they called or texted to give us their ETA every hour or so along the way; they didn't want to disturb our young child's naptime.

and, then, when they arrived after a harrowing drive, often stuck in bumper-to-bumper traffic, 

they came with smiles, and handshakes, and a present for emma.

they said hello to emma and told us about their family and how they have worked with folks with special needs. they talked about emma's muscle tone and asked about her verbal and phsyical progress.

they did this without ever knowing about her diagnosis before they came (all they knew was that we had a young child whose nap schedule was fairly precious these days) and with a gentle, open, inquisitive kindness that we sometimes don't find among family, much less strangers.

can you believe?

they purchased the furniture, packed it in their truck, and gave our little apple cheeks a wonderful gift that was not only developmentally appropriate for her, but also particularly useful at this stage given her current physical and speech challenges. 

after all of that, they offered us the use of their home if we're ever in North Carolina.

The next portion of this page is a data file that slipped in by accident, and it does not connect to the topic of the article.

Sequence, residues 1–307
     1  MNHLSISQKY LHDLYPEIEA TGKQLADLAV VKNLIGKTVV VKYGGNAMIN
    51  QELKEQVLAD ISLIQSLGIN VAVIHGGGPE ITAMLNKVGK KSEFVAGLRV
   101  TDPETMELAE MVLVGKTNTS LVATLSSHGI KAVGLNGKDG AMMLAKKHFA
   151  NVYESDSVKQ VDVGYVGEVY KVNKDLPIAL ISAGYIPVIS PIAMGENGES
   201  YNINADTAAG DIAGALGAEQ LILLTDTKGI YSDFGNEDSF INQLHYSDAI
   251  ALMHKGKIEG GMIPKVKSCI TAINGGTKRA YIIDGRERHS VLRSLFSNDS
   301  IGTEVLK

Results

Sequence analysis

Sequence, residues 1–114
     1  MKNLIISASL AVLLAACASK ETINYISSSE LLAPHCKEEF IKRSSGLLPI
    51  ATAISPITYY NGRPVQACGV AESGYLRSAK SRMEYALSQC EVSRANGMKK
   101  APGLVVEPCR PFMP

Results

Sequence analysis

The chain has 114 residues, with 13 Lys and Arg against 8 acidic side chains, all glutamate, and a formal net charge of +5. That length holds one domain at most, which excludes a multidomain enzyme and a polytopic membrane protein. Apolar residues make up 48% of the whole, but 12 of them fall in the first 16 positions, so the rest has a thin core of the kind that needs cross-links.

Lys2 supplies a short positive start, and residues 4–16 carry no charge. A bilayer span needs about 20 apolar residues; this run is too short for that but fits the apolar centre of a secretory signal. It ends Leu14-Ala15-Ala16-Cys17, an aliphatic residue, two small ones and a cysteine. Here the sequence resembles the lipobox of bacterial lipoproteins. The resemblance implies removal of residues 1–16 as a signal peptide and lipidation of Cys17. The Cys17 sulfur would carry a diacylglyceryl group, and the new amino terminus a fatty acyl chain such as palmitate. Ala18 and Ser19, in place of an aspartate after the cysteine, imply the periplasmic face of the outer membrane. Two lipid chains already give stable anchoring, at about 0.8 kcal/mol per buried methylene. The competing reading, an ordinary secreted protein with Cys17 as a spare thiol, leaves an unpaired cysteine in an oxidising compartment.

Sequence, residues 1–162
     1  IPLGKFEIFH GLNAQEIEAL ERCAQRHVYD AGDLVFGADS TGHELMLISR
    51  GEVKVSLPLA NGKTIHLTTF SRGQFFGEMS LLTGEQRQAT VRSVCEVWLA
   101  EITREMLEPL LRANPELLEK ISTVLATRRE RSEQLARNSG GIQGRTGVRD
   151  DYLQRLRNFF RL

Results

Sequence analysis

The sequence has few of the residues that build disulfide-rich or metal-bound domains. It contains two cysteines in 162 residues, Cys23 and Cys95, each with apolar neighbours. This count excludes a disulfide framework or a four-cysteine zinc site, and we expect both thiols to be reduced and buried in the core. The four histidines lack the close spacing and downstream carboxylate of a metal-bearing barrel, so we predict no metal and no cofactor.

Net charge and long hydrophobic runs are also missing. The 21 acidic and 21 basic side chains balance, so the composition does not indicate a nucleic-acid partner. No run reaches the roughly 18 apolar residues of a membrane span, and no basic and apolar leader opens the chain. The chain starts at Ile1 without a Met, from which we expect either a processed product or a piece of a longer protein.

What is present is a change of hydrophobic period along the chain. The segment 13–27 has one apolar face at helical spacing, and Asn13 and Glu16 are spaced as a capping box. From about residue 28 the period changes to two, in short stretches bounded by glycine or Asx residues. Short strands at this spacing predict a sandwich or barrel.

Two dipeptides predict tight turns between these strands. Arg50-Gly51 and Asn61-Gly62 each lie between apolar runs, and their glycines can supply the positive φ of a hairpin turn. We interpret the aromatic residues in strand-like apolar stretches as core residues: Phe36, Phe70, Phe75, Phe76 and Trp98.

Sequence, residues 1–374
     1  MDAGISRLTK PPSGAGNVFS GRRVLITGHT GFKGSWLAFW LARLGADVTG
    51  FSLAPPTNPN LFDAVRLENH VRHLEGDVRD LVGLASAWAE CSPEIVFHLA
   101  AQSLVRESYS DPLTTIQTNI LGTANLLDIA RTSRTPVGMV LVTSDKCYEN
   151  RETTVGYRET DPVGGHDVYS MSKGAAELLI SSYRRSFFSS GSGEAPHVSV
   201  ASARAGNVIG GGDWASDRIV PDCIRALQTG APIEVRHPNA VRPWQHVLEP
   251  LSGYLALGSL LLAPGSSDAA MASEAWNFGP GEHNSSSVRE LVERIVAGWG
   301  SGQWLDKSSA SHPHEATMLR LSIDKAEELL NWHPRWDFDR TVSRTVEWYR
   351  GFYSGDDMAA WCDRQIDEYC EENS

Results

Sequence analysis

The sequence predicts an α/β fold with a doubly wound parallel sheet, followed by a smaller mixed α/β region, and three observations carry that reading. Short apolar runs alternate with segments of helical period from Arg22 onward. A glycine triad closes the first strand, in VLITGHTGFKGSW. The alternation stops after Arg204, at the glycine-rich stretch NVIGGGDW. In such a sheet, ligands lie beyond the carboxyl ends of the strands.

they were genuinely some of the nicest people i've ever met, period.

they extended community to us.

and, they were strangers from craigslist.

i am still in awe.

has anything like this ever happened to you? please share!


on becoming a stay-at-home (and sometimes working) mama...

i am a full-time working mama....

at least until tomorrow.

i am hanging-up my legal advisor hat, leaving my current full-time employ, and assuming a new role.

it's 75 percent full-time stay-at-home mama and 25 percent stay-at-home legal/policy consultant - or at least that's the plan so far so my husband and i can still afford to provide for our little apple cheeks in the ways she deserves.

and, now that this very long week has neared its completion, i feel both a new lightness and a weightedness because of my decision.